The artist statement for “Woven Lake” reads that its entanglement of disparate mediums “symbolizes the importance of community care in the face of both ableist structures and environmental health challenges, such as the drying of the Great Salt Lake.” Each medium ties the work to a contributing artist and binds them to each other.
There’s grass, a nod to Evangeline Amadu’s three-dimensional canvas painting of Antelope Island ecology, “What Happens at the Marsh at Dusk.” There’s knit fabric and bookbinding thread, representing Stephanie Choi’s poetic rumination on life with scoliosis (“Spine: Rematerialized”). Coconut husk and Sāmoan tapa cloth reflect Mālia Malae-Godinet’s “Disposable Vā,” contrasting the West’s emphasis on eliminating plastic waste with its disdain for Pacific Islander communities suffering the effects of climate change. Buckskin and beads tie to Victoria Meza’s piece, “Building Community,” her art style inspired by Plains Tribes of the 19th century. An 8mm analog film by Slater and Stan Clawson alludes to the “Embodied Ecologies” video and homemade paper references Michelle Wentling’s woven “Cuyahoga Impression.”
“Something interesting about disability is that it’s really inextricable from other identity factors.”
Eight additional artists contributed to the exhibit, joining the project over the summer and developing more pieces that aligned with the themes and the idea of disability’s intersection with nature. The working group, says Slater, was resilient and adaptable when unexpected problems arose, such as surgeries or illnesses. Deadlines and meeting times were flexible. People were kind and understanding of the individual needs of each member. “The amount of gentleness and empathy that I’ve experienced in this group has been especially meaningful to me,” says Slater.
Resilience. Adaptation. Gentleness. Empathy. Each is a key tenet of addressing public health and environmental issues in a way that serves everyone. That’s Slater’s ultimate goal—opening up more conversations about the intersection of disability and environmental equity. “There’s a lot to learn from how disabled communities have facilitated care and facilitated survival in systems that aren’t made for them,” says Slater. “There are things to gain from looking at this intersection.”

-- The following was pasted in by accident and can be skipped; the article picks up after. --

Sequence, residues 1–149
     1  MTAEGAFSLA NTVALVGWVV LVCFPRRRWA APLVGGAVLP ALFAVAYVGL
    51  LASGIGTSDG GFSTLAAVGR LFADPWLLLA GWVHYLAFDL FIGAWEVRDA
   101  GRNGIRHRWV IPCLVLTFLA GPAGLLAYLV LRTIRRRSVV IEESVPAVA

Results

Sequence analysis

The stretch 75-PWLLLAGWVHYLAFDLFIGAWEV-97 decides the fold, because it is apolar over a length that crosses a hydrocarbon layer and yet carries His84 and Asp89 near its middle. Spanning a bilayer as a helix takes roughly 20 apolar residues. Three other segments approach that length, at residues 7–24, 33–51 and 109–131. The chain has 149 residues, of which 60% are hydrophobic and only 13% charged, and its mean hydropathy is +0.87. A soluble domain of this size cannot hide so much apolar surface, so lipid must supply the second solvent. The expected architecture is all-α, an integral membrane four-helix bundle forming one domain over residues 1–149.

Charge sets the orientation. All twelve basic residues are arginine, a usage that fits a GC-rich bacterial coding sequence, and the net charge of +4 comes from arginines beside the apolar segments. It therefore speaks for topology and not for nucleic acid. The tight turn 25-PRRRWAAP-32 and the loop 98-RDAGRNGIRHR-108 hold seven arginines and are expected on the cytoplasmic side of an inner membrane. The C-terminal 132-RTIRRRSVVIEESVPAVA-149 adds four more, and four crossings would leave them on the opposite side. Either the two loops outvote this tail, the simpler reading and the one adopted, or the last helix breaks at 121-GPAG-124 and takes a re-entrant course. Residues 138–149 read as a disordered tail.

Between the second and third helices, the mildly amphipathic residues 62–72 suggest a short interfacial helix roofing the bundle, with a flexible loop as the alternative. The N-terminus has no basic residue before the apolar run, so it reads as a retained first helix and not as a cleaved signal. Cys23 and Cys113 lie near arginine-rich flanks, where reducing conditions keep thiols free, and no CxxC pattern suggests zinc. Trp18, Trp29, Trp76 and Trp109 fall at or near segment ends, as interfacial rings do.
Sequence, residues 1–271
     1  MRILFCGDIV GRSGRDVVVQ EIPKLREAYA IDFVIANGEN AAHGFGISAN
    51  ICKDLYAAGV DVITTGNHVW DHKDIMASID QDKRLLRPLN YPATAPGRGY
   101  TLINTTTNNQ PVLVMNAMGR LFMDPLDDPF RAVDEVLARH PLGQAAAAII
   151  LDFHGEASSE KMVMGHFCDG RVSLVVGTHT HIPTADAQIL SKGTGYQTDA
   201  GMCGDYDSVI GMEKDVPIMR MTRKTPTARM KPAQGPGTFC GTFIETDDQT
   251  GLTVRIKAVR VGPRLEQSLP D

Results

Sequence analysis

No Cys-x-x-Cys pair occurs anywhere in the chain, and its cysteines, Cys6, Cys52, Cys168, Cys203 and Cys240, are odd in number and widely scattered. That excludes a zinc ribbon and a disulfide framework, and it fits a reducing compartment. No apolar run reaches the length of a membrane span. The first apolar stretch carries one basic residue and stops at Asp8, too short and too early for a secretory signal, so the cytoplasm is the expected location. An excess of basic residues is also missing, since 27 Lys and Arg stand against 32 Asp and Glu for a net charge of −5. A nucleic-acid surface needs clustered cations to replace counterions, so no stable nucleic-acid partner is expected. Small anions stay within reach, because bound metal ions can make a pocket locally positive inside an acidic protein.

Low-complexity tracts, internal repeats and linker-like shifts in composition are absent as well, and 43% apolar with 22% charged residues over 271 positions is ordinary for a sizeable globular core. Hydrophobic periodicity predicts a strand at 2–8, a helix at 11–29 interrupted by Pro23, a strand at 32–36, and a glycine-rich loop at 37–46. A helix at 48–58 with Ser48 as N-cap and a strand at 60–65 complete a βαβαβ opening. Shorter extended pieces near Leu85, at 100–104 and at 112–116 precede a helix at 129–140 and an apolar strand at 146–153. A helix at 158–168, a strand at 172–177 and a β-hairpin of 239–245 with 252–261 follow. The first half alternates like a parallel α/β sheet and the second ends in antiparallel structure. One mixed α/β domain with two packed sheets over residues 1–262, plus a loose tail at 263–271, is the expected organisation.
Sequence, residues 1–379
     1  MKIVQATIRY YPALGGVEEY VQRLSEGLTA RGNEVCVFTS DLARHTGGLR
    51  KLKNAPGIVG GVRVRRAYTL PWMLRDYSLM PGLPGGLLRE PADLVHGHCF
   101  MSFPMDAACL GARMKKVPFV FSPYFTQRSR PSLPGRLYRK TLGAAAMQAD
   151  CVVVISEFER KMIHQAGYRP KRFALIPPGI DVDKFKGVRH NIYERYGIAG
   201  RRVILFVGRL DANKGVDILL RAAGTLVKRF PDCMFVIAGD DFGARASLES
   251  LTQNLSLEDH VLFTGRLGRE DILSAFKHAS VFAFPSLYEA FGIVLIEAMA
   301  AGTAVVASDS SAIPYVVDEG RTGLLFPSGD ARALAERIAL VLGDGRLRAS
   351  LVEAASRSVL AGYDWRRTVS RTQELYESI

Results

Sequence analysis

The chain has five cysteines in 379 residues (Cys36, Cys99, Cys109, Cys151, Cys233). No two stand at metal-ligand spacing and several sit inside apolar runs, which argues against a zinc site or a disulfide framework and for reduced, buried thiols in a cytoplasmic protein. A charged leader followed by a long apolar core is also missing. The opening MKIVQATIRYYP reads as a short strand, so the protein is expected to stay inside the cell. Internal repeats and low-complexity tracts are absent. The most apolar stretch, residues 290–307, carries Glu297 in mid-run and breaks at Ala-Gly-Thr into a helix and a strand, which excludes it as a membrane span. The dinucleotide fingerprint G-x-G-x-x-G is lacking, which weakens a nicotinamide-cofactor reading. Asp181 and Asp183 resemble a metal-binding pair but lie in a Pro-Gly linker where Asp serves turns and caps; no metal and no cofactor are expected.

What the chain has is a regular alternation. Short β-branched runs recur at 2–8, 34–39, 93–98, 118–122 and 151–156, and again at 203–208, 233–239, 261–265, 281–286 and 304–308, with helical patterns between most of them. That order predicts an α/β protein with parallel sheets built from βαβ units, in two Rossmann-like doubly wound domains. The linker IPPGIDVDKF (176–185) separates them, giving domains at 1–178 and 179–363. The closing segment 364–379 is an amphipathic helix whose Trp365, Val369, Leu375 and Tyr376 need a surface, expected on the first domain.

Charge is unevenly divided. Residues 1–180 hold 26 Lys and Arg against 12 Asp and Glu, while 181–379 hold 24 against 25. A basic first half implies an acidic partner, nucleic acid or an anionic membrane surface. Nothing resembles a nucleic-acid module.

“There’s a lot to learn from how disabled communities have facilitated care and facilitated survival in systems that aren’t made for them.”
Historically, people with disabilities are often ignored in communications surrounding climate change and who bears the brunt of its effects. But in Salt Lake City, health is at the forefront of our climate struggle, meaning lawmakers may finally start to listen.“Because so many of our environmental issues are related to health here with the Great Salt Lake, I think [we have] a good opportunity to directly bring in these communities,” says Slater. “Being more mindful about how people’s health is influenced by their environment … essential component of addressing climate change.”
You can visit Embodied Ecologies on the fourth floor of the Salt Lake Public Library through November 11. After that, it moves to the Digital Matters space at the Marriott Library on the University of Utah campus, where it will stay for two more weeks. To learn more about Art Access Utah, check out their website at artaccessutah.org.
Read more on local art exhibits:
Showcasing the Brightest in Utah Furniture and Interior Design: The 2022 Utah Design Exhibit
Art As Wellness: UMOCA’s See Me Exhibit